I knew pretty much nothing about “Get Out” before I saw it, except that Jordan Peele, a gifted satirical comedian and actor, had written and directed it, that it had opened to huge box office receipts and that there was something about introducing the boyfriend or girlfriend to parents who might not approve due to race. Period. And so, I sat in the darkened theater, basically expecting a comedy with some sharp and insightful jabs about being black in America and prepared to be entertained. I was. I recommend you see this film; I highly recommend it. However, if you do plan to go, read no further, but skip down to the next two items I cover today.
Okay? They’ve all left now? Then here’s how wrong I was in my expectations. The first third or so of “Get Out” is entertaining but vaguely disturbing — and, yes, funny to some extent. Black boyfriend Chris (an excellent Daniel Kaluuya) and white girlfriend Rose (Allison Williams, so very good) go home to meet her parents. He is warned not to do this by his best friend, Rod (LilRel Howery, the best comic relief — and, boy, do we need it — I’ve seen in a long time), but he goes anyway. All seems fine, with Chris letting casually racist comments slide off his back while Rose becomes angry on his behalf. And then...
Nope, not going to ruin the movie. Suffice it to say there is creeping unease, heart-stopping tension, people who are not as they seem to be and a finale that is violent but which will knock your socks off. Kudos to Peele and his amazing cast, including pitch-perfect performances by Bradley Whitford and Katherine Keaner as Rose’s parents. Go. Now.
I knew almost nothing about the life lived by modern Bedouins until I read a wonderful mystery trilogy last year by Zoe Ferraris, which began with “Finding Nouf.” The books allowed me, an American unfamiliar (and somewhat uncomfortable) with what I knew about Middle East culture, a glimpse into the strict rules of a patriarchal society that is not kind to women if they want to stray from the norm. My education was furthered this week by watching “Sand Storm” (streaming on Netflix), a 2016 film about one such family, enacted by brilliant Middle Eastern actors, in Arabic with subtitles. The father takes a new bride, the mother is embittered, one of the four daughters wants her freedom to become educated and to love a boy from another tribe. The repercussions to a loving family are many and often heartbreaking. None of the characters is evil, they are simply part of a traditional whole and each is assigned his or her role. Fine acting, gorgeous camerawork — I recommend it, especially if you like your worldview expanded.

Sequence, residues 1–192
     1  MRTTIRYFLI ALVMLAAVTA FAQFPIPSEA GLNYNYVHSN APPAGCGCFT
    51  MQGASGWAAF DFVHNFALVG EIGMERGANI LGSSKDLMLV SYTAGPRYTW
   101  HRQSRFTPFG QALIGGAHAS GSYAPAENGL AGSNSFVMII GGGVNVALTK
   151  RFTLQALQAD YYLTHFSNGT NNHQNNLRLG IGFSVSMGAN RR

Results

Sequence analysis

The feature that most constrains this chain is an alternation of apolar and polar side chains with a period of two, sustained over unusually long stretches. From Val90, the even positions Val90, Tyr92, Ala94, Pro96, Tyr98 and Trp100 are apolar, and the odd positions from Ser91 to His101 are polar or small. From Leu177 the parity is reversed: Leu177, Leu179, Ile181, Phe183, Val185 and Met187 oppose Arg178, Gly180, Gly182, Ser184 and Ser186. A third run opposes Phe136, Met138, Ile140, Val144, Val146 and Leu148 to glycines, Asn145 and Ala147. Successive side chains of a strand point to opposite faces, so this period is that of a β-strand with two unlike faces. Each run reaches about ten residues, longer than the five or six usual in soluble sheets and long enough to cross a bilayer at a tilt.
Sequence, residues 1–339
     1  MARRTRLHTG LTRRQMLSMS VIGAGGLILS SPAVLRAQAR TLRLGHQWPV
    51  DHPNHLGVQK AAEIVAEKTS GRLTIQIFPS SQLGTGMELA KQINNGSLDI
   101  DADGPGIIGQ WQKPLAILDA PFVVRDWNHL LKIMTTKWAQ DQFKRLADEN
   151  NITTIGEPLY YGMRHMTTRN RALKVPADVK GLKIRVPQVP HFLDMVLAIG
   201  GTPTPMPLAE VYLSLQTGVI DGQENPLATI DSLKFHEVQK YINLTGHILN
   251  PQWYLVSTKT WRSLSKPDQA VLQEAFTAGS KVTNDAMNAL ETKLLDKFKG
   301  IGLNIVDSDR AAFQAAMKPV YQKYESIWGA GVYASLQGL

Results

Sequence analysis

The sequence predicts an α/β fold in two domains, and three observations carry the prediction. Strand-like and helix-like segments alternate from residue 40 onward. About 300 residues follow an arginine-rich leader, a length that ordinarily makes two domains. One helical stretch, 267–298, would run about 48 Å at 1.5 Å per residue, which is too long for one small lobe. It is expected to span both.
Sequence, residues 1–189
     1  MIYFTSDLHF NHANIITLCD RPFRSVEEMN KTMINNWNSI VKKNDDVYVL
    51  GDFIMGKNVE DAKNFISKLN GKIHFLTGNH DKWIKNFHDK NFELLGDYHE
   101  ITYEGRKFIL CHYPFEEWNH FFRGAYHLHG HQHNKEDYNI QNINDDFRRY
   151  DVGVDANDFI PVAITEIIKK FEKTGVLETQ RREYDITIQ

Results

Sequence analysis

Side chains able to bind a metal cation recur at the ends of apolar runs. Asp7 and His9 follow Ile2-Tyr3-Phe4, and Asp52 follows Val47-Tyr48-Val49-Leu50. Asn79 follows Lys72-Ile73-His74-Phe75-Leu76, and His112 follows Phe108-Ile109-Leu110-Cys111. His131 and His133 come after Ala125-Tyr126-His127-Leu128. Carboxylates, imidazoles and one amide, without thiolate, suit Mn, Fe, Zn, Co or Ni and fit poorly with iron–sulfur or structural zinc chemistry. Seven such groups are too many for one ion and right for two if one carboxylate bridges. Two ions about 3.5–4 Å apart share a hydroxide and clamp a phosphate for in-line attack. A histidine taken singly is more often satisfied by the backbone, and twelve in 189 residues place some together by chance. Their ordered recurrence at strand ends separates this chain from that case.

“The Kettering Incident,” an Australian import, is an eight-part series available on Amazon Prime. It’s a mystery/thriller with a touch of the paranormal, although how that element plays out, I don’t yet know (I’ve seen three of the eight). Dr. Anna Macy, a hematologist practicing in London, suffers from fugue states, where she wakes up in unfamiliar places with no memory of how she got there. When Anna returns home to Tasmania, she is not warmly welcomed: 15 years earlier, when she and her best friend were riding their bikes along a country road, sudden blinding lights and loud noises erupted from the dark forest to their left. Anna stayed back, the best friend investigated and was never heard from again.
I’m hooked, but I don’t know if the suspense can be sustained. We’ll see.